Package for 3D reconstruction of Fringe Patterns captured using the Fringe Projection - Laser Induced Fluorescence technique.

# Fringe Pattern to 3D python

This is a python package for applying phase demodulation and 3D reconstruction as post processing of Fringe Pattern (FP) images recorded using the Fringe Projection - Laser Induced Fluorescence (FP-LIF) technique. The package has been developed at the division of Combustion Physics at Lund University and a more detailed explanation of the technique is found in the article cited below together with on our webpage spray-imaging.com/fplif.html. For any questions and code errors please contact submit an issue at gitlab.

## Installation through pip

pip install fp23dpy


## Usage

Either

python3 -m pf23dpy <FP-image>


or

fp23d <FP-image>


can be used that will by take the input image of a fringe pattern (and optional segmentation and calibration files) and attempt to 3D reconstruct together with the result as a GL Transmission Format file .glb which can be imported into most 3D viewing software, for example threejs-editor. Other 3D file formats are supported with --ext <extension> flag such as .stl or obj, the package use trimesh so all export formats for that package are supported. For more information on possible flags to the command file use python -m pf23dpy -h.

Examples of a pending drop 3D structure is found in the examples folder of the source code. To print example drop- segmentation, calibration and simulated FP-image run,

python example_drop.py


Then to reconstruct the drop run,

python -m pf23dpy example_drop.png


open the written reconstructed_example_drop.glb in a 3D viewer.

### Calibration

A calibration file can be used for each FP-LIF image, if this is not provided the program will try to calibrate using the given image which is not a robust procedure. The calibration file name is either calibration_<FP-image-filename>.txt (without image type extension) or calibration.txt where the second will be default for the whole directory. The file should include a JSON format object with the following attributes:

{
"T":     float,		 # describing the fringe pattern period length in pixels with an image recorded of a plane 3D object orthogonal to the fringe projection direction
"gamma": float,		 # float describing the angle in degrees of the fringes in the image, 0 if vertical fringes and 90 if horizontal
"theta": float,	 	 # the angle in degrees from the camera to the fringe projection direction (optional, will create wrong of output)
"scale": float,  	 # scale of the image, number of pixels per meter (optional, will scale output to pixels otherwise)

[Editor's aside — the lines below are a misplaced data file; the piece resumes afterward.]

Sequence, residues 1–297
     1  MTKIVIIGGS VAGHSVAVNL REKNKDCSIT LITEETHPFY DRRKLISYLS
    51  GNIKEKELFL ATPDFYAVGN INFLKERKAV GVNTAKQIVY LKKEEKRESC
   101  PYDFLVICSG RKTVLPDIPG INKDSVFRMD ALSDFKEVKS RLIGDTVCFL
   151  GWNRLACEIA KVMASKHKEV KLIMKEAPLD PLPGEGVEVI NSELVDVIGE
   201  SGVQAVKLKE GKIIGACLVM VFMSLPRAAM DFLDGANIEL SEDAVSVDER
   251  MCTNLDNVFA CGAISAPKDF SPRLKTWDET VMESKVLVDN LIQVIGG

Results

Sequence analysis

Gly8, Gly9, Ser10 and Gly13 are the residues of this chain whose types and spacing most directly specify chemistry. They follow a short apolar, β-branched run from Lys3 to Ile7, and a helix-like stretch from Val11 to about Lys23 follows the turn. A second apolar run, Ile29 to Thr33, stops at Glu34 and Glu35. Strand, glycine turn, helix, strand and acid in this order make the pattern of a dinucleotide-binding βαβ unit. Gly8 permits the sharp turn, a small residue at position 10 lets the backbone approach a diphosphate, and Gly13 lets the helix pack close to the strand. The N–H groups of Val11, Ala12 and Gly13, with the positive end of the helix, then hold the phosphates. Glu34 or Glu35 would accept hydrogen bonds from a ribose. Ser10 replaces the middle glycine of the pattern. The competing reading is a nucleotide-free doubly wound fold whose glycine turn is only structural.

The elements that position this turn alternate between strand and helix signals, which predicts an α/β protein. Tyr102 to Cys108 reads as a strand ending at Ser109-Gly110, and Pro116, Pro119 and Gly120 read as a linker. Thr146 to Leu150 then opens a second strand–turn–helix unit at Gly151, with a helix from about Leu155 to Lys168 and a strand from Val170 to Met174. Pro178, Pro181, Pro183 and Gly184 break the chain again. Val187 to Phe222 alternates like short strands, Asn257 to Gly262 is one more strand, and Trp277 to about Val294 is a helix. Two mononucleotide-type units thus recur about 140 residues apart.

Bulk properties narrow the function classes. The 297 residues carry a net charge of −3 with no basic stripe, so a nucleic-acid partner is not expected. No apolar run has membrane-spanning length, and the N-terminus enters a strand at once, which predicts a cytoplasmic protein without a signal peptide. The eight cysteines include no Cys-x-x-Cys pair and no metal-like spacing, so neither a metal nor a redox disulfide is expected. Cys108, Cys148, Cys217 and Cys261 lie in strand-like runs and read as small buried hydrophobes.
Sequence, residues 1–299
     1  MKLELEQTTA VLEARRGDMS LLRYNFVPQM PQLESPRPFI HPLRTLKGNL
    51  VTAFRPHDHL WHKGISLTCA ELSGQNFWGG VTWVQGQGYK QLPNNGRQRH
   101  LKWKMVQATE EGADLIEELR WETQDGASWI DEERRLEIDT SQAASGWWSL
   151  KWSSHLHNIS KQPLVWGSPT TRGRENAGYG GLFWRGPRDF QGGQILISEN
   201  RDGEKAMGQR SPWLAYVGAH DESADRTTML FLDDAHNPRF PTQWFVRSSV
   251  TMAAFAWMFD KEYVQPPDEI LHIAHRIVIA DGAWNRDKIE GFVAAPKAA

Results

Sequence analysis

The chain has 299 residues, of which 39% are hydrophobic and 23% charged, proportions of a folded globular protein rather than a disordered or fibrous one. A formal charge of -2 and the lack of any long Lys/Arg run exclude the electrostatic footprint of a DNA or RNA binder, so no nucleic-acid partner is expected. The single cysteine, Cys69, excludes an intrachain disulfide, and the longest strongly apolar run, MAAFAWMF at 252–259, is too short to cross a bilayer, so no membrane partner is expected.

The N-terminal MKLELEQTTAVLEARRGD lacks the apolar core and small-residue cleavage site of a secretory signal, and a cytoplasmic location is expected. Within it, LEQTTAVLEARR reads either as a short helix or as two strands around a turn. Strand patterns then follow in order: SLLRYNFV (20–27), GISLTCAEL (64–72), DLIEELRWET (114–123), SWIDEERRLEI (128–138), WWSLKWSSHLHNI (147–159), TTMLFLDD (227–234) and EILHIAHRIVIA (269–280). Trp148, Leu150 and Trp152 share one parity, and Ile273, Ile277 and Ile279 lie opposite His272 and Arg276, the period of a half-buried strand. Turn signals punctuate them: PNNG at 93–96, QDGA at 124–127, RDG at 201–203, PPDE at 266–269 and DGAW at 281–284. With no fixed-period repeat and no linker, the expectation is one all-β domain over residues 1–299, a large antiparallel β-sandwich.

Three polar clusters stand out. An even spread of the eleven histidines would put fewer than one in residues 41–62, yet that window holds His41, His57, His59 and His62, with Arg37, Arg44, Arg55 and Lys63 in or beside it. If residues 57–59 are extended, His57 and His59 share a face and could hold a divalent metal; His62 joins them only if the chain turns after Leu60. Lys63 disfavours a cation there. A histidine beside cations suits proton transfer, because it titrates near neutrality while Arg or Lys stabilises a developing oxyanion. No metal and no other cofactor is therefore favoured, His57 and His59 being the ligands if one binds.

"phi":   float,	 	 # the rotation in degrees of the camera in spherical coordinates to the angle of the fringe pattern with a certain radius (optional)
"Tlim":  list of floats  # suggestion of T limits to search within, will not always be respected (optional)
"principal_point": list with length 2, [x_p, y_p]  # Connected to the principal point in camera calibration. This is usually where the center of the camera chip is but when assuming orthographic camera it can be anywhere on the image and descripes which point the theta and phi angles is rotating around (optional, center of image is used by default)
"absolute_phase": list with length 3, [x_a, y_a, absolute_phase]  # To get real 3D values the absolute phase is required. By defining the absolute_phase at a single pixel x_a, y_a the pixels connected to this pixel will also have known absolute phase. This parameter can also be a list of multiple absolute_phase points for different areas in the mask. If you have multiple absolute_phase points in the same area, the last one will be used. If you do not know the absolute_phase and have a time series where the area once was connected to an absolute_phase area the flag --temporal-alignment tries to track the area and estimate the real 3D coordinates (currently requires some manual points to be given for each image. (optional, if no absolute phase for unmasked area then its min value is set to zero for the third dimension)
"absolute_threeD": list with length 3, [x_a, y_a, absolute_threeD]  # Same as absolute_phase but here you can set the threeD values of pixels instead. If both absolute keys are found in the calibration this value will be used.
}


The script fp23d calibrate <calibration-image> can be used for easier estimation of T and theta from a calibration image.

### Segmentation

If only parts of the image has the required Fringe Pattern lines, which is the case example drop, a segmentation of the image should be produced. The segmented file should have filename segmentation_<FP-image-filename> (with image type extension). If a single segmentation file should be used for all FP images in the same directory the segmentation file can be called segmentation.png. The file should have zero values for background pixels and non-zero for foreground pixels.

## Citation

Adrian Roth, Elias Kristensson, and Edouard Berrocal, "Snapshot 3D reconstruction of liquid surfaces," Opt. Express 28, 17906-17922 (2020)

### Bibtex

@article{Roth:2020,
author = {Adrian Roth and Elias Kristensson and Edouard Berrocal},
journal = {Opt. Express},
number = {12},
pages = {17906--17922},
publisher = {OSA},
title = {Snapshot 3D reconstruction of liquid surfaces},
volume = {28},
month = {Jun},
year = {2020},
url = {http://www.opticsexpress.org/abstract.cfm?URI=oe-28-12-17906},
doi = {10.1364/OE.392325},
}


### Open science framework

Cite the software project at https://doi.org/10.17605/OSF.IO/68SDK

## Project details

Uploaded source